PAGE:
I have been assured by the NGV that the contractual relationship between the gallery and Wilson Security is of a temporary nature. I have been told that the tendering process that will culminate in the appointment of a more permanent contractor is at an advanced stage. As such, the response that this statement articulates is itself potentially of a temporary nature:
With immediate effect, the work of art that was formerly known as LOVE STORY will carry the new title WILSON MUST GO. The new title will remain in effect for as long as the work is on view at the National Gallery of Victoria, or when the work is exhibited in any other exhibition context on Australian soil, until the NGV severs its relationship with Wilson Security. Until that point, the work will continue to speak its objection to being under the surveillance of a security contractor that commits human rights abuses in Australia’s offshore detention centres. Until that point, all NGV publications of any nature, all public discussions hosted by the NGV, any educational conversations conducted around the work at the NGV, any and all press communications issued by the gallery, and all wall texts and captions, shall refer to the work as WILSON MUST GO. The title of the work will automatically revert to LOVE STORY if and when Wilson goes. Should they wish to, I invite other Triennial artists who may share my discomfort at having their works under the surveillance of Wilson Security, to temporarily rename their own works WILSON MUST GO.
It is extremely unfortunate that individual security workers who are currently engaged at the NGV may experience negative repercussions as a result of this intervention. The NGV has assured me that fair treatment of their security staff is of high priority. I have every reason to believe that the NGV will provide secure working conditions for their security staff, and wish to make clear that this intervention in no way wishes to target specific individuals who currently provide security services on NGV premises.
The moral failure characterising the Australian government’s refugee policy is all the more deplorable in ‘a nation that has been forged through stories of mobility.’ As the NGV Triennial catalogue states, ‘The challenge of hospitality is not an abstract philosophical problem or a minor political issue.’ I have experienced my interlocutors at the NGV to be deeply attuned to the horrific conditions and challenges facing refugees and asylum seekers worldwide. I trust that the NGV will receive this gesture as one of solidarity, solidarity with the Triennial’s focus on forced displacement, but more importantly, solidarity with all refugees and asylum seekers who have been or remain subject to the cruelty of the Australian offshore detention regime, as enforced by agents like Wilson Security.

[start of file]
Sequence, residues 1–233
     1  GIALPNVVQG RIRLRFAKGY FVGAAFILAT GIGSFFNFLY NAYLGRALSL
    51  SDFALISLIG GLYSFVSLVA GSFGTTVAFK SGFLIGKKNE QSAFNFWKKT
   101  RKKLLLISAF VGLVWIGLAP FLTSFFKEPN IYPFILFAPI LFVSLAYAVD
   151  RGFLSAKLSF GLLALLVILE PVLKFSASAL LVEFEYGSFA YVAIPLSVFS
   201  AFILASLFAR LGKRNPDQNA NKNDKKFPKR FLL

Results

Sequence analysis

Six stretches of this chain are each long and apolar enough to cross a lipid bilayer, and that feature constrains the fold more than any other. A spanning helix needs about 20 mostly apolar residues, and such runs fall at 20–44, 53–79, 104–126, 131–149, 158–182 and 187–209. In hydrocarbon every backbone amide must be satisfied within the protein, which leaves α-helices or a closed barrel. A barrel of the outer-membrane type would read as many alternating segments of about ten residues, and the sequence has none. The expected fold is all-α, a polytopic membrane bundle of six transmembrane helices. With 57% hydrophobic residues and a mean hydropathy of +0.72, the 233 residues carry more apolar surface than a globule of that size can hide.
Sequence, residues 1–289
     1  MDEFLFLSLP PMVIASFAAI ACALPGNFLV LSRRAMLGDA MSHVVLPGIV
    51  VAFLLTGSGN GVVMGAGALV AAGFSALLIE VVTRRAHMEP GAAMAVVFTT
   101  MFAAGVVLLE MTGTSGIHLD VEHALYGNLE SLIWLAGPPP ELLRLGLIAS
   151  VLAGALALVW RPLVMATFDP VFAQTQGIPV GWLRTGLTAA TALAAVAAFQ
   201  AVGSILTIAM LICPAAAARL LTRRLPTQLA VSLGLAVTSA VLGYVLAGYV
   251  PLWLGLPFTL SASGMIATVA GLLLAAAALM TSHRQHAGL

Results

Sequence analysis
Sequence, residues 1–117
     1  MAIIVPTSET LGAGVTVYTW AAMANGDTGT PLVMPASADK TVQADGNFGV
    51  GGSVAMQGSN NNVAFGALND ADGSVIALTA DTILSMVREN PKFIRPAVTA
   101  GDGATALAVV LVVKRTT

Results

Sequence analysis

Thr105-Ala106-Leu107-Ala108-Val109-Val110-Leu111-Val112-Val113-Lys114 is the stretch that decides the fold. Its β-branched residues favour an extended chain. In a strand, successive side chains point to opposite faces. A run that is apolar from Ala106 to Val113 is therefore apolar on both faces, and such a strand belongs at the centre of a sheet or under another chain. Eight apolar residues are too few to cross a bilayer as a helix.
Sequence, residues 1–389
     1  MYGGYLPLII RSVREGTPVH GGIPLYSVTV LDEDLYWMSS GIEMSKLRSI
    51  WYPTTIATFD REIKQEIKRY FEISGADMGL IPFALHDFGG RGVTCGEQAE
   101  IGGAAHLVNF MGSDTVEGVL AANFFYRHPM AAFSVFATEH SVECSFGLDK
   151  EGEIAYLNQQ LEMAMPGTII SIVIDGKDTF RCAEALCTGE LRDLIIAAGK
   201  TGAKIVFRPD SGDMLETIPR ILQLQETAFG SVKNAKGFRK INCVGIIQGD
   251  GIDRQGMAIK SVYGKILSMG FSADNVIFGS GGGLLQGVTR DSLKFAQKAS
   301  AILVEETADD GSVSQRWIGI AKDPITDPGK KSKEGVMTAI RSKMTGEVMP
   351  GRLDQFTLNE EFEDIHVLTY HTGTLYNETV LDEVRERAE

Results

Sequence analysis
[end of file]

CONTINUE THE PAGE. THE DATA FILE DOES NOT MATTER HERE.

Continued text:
Melbourne, 12 December 2017
New works by one of Bangladesh’s most prominent photojournalists, writers, and activists are on view at the Chicago art space through November 27.
Council often uses humor as a political tool to expose systems of power and inequality in a society in which even death carries a high price tag.
An exhibition at the San Francisco Opera House pairs the work of incarcerated artists with Beethoven’s story of unjust imprisonment.
Many works take disruption and repetition as their themes, and many artists resurface in different sections, creating multiple affinities.
Hear from Holly Jean Buck, Carolina Caycedo and David de Rozas, Simon Denny, Elizabeth Hoover, Renee Kemp-Rotan, Joseph Kunkel, and more at this free public event.
In Cooking with Paris, Hilton capitalizes on her portrayal of being a competent woman, while highlighting its anachronism through her absurd performance. Rosler manipulates the camera in the same way.
EFA Open Studios offers a portal into the creative habitats of over 65 artists working in Manhattan’s longest-running studio program, including Dannielle Tegeder, Wafaa Bilal, Cui Fei, and Anina Major.
A man says Blue Bayou took details of his life without his permission. Several women who appear in the documentary Sabaya say they did not consent to be filmed. How can filmmakers avoid these ethical pitfalls?
Ursula Biemann, Nicolas Bourriaud, and others said they will no longer participate in the event.
There is an official ban against the public mourning of Tiananmen Square victims in Hong Kong and mainland China.